As research digs deeper, we are discovering new facts about eating Fruits, Vegetables and also Cereal grains, and an healthy diet altogether. Fruits, Vegetables and grains may, in fact, reduce heart related diseases, high blood pressure, Diabetes, and even prevent some form of cancers (mostly of the digesting system starting from to mouth, including stomach and liver, to the prostate and rectum). However, more studies are necessary, but researchers agree that evidences suggests that phytochemicals, antioxidants, and omega-3 fatty acids (see Article on ‘Omega Fatty Acids: The Truth‘) may play a role as antioxidants and decrease the risk of developing cancer, by preventing carcinogens from forming.
What are Antioxidants?
Antioxidants are substances that inhibit the oxidation process and act as protective agents. They protect the body from the damaging effects of free radicals (by-products of the body’s normal chemical processes). Free radicals attack healthy cells, which changes their DNA, allowing tumours to grow. Research is underway to investigate the role of antioxidants in decreasing the risk of developing cancer.
Antioxidants, also known as Phytochemicals are chemicals found in plants. The main function of Phytochemicals is to protect plants against bacteria, viruses, and fungi. By incorporating large amounts of coloured plant foods (yellow, orange, red, green fruits and vegetables…), whole grains and beans containing phytochemicals in your diet may decrease the risk of developing certain cancers. The action of phytochemicals varies by colour and type of the food.
They may act as antioxidants or nutrient protectors, or prevent carcinogens (cancer causing agents) from forming.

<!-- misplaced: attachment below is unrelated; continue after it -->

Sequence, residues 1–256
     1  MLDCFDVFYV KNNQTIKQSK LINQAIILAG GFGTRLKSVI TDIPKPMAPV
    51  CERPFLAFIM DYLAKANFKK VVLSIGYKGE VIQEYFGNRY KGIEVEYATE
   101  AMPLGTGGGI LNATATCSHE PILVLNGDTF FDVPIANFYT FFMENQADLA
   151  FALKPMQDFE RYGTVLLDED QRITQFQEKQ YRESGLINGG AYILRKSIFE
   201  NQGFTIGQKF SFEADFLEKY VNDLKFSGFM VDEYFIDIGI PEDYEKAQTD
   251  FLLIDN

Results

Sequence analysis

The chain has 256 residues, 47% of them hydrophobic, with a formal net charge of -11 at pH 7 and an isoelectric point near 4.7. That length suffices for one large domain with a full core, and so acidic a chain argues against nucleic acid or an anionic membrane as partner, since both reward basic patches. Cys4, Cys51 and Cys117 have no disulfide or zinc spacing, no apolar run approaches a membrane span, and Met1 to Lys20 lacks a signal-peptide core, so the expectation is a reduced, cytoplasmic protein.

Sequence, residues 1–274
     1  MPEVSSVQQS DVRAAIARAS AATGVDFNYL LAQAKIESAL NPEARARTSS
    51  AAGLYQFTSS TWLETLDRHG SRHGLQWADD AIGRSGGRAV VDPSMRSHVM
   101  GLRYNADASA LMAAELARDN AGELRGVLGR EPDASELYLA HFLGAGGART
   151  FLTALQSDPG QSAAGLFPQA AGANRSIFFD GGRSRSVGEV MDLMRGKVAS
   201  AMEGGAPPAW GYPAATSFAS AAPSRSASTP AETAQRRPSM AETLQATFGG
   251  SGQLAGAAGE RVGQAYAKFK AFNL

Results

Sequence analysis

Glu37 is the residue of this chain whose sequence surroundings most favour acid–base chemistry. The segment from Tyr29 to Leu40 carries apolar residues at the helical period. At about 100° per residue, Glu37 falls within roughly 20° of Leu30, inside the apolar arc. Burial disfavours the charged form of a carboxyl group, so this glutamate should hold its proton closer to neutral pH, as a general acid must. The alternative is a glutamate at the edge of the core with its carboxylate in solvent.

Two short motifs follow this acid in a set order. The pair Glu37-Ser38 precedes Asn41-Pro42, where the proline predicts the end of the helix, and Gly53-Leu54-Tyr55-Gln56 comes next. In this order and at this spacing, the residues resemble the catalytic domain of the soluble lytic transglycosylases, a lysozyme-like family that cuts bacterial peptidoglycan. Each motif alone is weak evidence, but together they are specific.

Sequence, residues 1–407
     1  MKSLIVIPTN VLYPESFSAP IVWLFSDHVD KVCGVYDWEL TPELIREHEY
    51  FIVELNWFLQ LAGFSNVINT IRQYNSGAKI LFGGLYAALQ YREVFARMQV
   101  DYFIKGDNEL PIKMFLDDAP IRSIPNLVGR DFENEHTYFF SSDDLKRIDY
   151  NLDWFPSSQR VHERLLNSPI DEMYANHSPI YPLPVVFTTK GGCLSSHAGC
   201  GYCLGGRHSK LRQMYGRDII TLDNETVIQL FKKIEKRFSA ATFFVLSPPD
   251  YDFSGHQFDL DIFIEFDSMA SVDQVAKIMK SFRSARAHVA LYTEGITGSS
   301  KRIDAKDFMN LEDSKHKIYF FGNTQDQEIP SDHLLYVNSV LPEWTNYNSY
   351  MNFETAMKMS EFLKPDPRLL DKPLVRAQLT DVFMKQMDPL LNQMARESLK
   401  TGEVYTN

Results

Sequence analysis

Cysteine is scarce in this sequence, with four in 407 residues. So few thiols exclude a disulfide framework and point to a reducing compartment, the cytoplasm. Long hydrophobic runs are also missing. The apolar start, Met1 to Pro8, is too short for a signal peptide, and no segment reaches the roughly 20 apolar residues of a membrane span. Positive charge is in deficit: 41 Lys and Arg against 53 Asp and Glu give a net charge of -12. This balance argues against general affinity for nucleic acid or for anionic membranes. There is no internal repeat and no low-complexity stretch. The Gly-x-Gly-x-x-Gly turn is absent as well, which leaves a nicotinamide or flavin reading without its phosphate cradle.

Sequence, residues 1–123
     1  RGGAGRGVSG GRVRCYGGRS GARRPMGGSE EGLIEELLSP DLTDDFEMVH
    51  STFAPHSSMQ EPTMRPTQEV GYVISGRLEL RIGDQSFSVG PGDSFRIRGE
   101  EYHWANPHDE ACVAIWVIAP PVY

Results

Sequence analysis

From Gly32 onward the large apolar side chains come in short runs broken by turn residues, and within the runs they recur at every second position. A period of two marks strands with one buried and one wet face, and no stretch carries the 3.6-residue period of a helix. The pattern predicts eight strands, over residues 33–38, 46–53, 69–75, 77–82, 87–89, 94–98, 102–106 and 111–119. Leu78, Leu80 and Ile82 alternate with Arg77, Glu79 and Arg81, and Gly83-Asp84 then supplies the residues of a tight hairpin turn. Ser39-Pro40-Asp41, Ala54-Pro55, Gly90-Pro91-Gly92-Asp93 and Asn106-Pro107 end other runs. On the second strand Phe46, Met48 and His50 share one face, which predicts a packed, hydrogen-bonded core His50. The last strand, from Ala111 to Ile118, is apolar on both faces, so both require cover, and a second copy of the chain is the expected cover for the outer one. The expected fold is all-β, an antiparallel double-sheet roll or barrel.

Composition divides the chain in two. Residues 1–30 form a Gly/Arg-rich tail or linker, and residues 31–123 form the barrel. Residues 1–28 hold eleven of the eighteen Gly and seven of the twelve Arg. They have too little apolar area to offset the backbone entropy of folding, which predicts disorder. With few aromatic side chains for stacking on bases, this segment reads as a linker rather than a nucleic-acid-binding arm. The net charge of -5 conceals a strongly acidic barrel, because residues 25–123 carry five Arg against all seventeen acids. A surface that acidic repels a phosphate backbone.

Phytochemicals are only present in food and may not be found in supplements.The list below is a partial list of phytochemicals found in foods:
Since some sources of vitamin E are high in fat. A synthetic form of a vitamin E is available as a supplement. Vitamin E supplementation is probably not needed for most individuals because vitamin E is a fat-soluble vitamin and is stored in our bodies. Very high doses of vitamin E can also interfere with the way other fat-soluble vitamins work. Also, large doses of vitamin E from supplements are not recommended for people taking blood thinners and some other medications, as the vitamin can interfere with the action of the medication. To make sure you are meeting your needs, eat a varied diet that includes whole-wheat breads and cereals.
Foods high in phytochemicals include the following:
There is no recommended dietary allowance for omega-3 fatty acids. Eat a variety of foods, including plenty of fish and beans (seafood, especially cold-water fish like salmon, mackerel, sardines, herring, halibut, stripped bass, tuna, and lake trout (aim for three to four servings of these fish every week), flaxseed oil and beans such as kidney, great northern, navy, and soybeans), to ensure you are getting adequate amounts in your diet.
Yale university of Medecine, report on Nutrition and Cancer
It is all about FOOD™
This Blog offers an easy-to-read condensed descriptive of food groups, nutrients, and their role on our body; cooking processes; world news with major impact on food and consumers; comprehensive reviews of restaurants (Menus, Food-on-plate and Quality of Service); and easy-to-follow Exquisite recipes, as well as healthy snacks and juices.
Olivier is a Michelin trained chef, a registered Naturopath and Nutritional Therapist, embracing fully his passion for good food and healthy eating.